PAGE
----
An Introduction to Numerical Classification describes the rationale of numerical analyses by means of geometrical models or worked examples without possible extensive algebraic symbolism. Organized into 13 chapters, the book covers both the taxonomic and ecological aspects of numerical classification.
After briefly presenting different terminologies used in this work, the book examines several types of biological classification, including classification by structure, proximity, similarity, and difference. It then describes various ecological and taxonomic data manipulations, such as data reduction, transformation, and standardization. Other chapters deal with the criteria for best computer classification and the complexities and difficulties in this classification. These difficulties are illustrated by reference to studies of the ""bottom communities"" of benthic marine invertebrates, ranging across the entire field from the sampling program and nature of the data to problems over the type of computer used. The concluding chapters consider some of the measures of diversity and the interpretations which have been made from them, as well as the relationship of diversity to classification. The concept and application in biological classification of various multivariate analyses are also discussed in these texts. Supplemental texts on the information measures, partitioning, and interdependence of data diversity are also provided.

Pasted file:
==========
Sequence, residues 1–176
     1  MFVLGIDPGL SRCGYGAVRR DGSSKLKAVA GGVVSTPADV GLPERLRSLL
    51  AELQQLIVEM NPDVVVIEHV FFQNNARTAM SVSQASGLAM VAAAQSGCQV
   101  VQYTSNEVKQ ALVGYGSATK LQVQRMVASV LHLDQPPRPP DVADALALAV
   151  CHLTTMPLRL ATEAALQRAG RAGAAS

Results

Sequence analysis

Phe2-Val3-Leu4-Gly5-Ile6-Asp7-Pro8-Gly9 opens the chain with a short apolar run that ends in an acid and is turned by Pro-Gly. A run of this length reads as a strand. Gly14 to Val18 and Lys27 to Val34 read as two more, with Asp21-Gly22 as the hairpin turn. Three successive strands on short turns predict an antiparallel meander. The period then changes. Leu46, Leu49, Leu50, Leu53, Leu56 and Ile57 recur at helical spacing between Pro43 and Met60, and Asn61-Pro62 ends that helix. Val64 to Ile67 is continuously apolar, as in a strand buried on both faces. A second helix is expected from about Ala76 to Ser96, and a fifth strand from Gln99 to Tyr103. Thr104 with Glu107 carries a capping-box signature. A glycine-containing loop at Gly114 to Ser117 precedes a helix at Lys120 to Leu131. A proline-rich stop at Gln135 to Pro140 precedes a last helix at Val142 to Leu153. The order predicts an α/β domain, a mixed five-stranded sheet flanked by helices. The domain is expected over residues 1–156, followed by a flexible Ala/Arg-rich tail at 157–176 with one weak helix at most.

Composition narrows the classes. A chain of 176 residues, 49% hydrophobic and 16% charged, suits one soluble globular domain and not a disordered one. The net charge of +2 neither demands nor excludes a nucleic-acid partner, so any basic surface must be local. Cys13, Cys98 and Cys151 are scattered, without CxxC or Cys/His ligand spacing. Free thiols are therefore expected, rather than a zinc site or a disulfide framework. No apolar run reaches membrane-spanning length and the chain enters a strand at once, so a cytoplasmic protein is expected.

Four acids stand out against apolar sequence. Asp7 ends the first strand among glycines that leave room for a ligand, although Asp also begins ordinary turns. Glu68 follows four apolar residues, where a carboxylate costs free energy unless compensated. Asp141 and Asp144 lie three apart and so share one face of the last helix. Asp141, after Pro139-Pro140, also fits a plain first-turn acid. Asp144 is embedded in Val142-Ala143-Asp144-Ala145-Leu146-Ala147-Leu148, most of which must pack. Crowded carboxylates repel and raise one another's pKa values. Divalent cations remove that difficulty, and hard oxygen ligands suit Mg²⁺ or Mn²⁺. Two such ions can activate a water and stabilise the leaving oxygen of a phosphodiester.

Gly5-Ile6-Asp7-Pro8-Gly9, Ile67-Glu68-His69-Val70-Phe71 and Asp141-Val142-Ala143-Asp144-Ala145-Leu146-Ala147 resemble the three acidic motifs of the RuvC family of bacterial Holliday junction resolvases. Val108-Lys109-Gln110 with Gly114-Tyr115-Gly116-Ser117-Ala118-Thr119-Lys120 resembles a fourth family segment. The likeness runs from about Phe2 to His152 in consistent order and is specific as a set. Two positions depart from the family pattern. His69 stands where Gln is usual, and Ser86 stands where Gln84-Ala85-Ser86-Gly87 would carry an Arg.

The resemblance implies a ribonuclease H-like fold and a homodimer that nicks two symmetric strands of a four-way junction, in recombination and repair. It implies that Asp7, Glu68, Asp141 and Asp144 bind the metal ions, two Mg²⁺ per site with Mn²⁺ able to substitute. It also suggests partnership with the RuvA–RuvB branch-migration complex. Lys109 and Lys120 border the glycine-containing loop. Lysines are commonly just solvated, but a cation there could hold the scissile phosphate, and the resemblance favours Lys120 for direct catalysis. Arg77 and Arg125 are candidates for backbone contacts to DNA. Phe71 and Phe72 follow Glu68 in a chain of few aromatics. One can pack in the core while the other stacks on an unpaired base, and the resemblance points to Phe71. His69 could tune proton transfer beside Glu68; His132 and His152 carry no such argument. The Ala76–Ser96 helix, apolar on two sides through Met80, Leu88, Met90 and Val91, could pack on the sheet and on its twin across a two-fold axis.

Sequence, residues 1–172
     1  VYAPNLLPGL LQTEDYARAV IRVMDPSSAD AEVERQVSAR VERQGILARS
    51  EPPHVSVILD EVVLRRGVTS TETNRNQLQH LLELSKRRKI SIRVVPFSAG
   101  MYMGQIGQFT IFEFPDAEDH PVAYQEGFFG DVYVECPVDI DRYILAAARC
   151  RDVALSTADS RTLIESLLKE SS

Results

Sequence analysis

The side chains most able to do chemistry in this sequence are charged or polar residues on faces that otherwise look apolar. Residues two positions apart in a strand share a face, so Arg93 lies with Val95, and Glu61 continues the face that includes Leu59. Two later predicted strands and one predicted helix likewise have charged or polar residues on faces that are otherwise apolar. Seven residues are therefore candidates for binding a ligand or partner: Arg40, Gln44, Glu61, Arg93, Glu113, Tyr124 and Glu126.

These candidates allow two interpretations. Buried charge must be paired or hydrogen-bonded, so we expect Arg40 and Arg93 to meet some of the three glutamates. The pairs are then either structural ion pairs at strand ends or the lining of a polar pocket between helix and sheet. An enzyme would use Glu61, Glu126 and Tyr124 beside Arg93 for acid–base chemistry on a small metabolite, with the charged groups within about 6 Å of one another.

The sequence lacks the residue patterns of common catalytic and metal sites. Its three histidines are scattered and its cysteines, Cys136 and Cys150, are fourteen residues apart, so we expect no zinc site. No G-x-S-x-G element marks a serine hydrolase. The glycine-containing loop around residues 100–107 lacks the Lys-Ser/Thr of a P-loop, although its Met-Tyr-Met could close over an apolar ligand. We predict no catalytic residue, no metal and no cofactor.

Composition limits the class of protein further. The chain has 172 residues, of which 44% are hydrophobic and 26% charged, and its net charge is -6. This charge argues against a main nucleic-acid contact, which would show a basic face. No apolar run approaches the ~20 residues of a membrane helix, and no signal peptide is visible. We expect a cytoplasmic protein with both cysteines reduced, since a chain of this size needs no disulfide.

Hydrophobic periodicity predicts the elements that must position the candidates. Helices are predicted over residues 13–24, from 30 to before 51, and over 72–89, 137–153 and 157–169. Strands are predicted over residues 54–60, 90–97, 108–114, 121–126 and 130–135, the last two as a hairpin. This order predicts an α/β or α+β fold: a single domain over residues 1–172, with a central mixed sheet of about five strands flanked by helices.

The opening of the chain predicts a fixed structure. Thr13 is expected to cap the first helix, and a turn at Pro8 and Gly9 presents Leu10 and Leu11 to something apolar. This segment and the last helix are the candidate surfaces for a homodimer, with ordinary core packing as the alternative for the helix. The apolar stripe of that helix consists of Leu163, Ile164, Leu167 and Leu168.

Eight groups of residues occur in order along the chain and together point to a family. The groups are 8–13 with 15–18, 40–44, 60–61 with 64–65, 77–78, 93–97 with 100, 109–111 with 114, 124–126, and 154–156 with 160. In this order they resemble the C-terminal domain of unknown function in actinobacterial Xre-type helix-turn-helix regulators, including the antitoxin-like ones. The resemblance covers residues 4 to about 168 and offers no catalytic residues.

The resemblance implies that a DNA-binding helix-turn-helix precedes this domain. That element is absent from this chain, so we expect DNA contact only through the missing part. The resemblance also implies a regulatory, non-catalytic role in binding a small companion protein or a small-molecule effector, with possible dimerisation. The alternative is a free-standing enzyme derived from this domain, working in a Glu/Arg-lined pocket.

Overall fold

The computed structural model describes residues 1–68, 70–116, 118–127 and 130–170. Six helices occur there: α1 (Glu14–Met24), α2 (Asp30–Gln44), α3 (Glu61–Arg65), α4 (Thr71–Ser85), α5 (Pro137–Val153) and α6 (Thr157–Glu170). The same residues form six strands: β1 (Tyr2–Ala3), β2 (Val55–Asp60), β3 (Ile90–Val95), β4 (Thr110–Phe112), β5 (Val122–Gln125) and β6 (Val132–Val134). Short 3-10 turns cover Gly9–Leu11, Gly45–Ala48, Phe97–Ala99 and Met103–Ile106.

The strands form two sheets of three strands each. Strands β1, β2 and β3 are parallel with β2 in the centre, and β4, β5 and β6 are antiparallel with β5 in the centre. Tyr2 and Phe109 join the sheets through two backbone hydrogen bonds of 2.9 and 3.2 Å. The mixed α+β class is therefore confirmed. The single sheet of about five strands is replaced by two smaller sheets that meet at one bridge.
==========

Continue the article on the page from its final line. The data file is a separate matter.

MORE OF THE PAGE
This book is of value to biologists and researchers who are interested in basic biological numerical classification.